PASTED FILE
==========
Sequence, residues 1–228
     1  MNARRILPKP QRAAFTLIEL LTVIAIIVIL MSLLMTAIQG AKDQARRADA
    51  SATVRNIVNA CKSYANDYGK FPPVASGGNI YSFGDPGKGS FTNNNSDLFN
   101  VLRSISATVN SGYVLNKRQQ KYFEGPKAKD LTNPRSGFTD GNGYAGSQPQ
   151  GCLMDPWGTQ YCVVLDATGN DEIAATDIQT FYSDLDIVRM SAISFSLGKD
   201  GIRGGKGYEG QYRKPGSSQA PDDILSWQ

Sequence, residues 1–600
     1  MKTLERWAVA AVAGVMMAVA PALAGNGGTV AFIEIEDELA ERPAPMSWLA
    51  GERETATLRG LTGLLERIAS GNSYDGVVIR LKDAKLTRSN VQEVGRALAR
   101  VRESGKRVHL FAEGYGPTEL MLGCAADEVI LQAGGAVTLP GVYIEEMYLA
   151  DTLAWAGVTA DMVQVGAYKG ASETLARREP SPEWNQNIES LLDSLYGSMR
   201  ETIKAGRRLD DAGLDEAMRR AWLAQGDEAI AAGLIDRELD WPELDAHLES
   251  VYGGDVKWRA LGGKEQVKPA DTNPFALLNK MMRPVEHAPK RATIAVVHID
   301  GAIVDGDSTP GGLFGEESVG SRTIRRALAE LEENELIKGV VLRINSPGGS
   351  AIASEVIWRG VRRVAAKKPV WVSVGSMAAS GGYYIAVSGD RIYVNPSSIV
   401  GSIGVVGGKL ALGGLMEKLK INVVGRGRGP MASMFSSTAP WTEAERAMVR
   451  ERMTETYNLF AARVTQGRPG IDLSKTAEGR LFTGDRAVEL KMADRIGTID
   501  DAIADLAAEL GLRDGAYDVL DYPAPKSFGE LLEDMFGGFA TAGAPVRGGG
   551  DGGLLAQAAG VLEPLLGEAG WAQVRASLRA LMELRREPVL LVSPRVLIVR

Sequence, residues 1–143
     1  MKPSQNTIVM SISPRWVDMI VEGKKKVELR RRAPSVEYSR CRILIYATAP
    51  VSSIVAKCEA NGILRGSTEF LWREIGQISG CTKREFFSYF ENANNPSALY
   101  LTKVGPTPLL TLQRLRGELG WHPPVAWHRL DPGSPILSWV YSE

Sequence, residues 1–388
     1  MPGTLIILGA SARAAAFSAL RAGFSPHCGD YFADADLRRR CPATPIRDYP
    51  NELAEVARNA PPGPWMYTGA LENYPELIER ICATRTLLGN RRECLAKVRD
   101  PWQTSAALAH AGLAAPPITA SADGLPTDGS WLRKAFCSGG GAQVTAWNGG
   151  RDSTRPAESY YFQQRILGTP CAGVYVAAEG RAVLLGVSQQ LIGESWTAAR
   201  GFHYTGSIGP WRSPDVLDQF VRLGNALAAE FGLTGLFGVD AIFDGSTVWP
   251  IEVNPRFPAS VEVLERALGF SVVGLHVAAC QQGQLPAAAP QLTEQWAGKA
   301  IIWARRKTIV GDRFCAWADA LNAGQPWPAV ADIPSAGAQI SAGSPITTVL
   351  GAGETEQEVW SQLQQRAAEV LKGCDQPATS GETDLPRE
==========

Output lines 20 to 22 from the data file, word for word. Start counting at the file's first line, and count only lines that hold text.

Sequence, residues 1–143
     1  MKPSQNTIVM SISPRWVDMI VEGKKKVELR RRAPSVEYSR CRILIYATAP
    51  VSSIVAKCEA NGILRGSTEF LWREIGQISG CTKREFFSYF ENANNPSALY